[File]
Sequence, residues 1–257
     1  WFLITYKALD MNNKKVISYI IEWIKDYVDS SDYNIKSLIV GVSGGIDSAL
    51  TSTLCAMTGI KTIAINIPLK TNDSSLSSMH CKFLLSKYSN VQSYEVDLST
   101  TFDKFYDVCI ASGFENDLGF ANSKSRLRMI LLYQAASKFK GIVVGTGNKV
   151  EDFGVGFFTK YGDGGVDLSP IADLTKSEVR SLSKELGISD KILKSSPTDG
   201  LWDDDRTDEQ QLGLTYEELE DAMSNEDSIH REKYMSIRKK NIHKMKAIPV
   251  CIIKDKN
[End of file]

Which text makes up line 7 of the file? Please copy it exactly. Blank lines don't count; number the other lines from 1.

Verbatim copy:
   251  CIIKDKN